As the Endangered Species Act (ESA) celebrates its 40th anniversary, it is both criticized as an outdated piece of legislation that does more harm than good and praised as the only measure preventing massive species extinction. Both of these contradictory views of the ESA cannot be simultaneously true. However, an in-depth analysis of the Act’s listings and delistings shows that not only is the ESA’s rate of delisting phenomenally low, but less than half of the species delistings were actually do to recovery efforts.
Since the Act’s inception in 1973, over 2,200 species have been listed as endangered or threatened. In the four decades of conservation efforts under the ESA, a grand total of 57 species have been delisted, making the current total of species listed as endangered or threatened 2,160. This gives the ESA a 2.6% delisting rate. This is an astoundingly low rate of success, particularly for a program with a growing cost.
Of these 57 delisted species, not all of them have been delisted due to recovery efforts by the federal government under the ESA. A closer look at the individual species paints a much different picture:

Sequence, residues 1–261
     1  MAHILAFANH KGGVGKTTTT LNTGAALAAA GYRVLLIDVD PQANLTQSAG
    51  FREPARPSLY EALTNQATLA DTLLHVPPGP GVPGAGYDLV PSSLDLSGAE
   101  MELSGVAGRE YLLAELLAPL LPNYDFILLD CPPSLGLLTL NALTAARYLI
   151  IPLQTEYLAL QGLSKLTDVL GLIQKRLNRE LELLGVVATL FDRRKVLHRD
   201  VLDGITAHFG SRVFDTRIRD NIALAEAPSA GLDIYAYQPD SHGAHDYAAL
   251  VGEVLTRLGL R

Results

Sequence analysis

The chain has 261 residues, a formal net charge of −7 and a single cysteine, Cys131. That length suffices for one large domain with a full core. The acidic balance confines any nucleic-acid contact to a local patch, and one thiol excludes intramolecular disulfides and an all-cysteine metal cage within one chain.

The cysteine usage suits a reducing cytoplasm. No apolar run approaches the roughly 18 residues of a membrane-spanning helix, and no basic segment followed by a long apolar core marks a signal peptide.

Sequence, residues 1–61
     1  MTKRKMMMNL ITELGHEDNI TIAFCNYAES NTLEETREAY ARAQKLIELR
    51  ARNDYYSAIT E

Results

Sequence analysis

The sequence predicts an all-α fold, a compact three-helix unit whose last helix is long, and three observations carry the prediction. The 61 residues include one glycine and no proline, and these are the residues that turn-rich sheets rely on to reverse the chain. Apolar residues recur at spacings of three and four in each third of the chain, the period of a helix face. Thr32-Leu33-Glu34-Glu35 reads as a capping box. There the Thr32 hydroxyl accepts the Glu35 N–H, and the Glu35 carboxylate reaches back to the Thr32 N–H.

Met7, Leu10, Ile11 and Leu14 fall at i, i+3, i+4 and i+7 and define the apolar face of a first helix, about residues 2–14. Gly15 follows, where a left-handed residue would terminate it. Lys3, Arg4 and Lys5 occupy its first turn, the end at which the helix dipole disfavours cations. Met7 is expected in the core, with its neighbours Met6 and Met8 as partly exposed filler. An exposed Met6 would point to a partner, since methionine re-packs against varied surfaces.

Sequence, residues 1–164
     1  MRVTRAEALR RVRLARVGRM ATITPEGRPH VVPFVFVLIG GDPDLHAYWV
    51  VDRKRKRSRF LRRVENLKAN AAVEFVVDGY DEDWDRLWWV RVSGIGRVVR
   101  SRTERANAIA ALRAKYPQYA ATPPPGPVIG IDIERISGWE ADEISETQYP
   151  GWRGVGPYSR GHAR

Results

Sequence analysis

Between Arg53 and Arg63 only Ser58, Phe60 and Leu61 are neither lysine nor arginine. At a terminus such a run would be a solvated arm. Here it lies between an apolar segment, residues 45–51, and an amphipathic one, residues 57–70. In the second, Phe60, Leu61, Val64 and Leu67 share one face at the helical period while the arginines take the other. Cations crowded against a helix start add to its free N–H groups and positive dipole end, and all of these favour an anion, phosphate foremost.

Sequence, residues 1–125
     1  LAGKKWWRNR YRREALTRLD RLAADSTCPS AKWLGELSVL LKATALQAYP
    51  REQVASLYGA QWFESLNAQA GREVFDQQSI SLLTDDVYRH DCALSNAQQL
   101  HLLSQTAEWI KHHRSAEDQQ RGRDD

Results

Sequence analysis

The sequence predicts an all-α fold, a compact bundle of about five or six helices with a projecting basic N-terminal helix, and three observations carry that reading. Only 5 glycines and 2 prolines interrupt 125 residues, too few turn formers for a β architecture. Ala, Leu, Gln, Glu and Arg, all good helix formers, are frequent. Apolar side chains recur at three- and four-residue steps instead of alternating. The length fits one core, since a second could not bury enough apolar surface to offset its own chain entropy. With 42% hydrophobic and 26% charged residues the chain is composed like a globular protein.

- 10 were delisted because of extinction
- 18 were delisted because of “data errors”
- 5 were recovered because of the ban on DDT
- 3 exist only in Australia and were recovered because of a change in Australian policies
- This leaves 21 species that have actually been recovered, and none tied directly to federal government efforts under the ESA
Not only does the ESA discourage conservation efforts on private land where the majority of endangered species and their habitats are found, but the Act has categorically failed to protect endangered and threatened species through recovery and eventual delisting.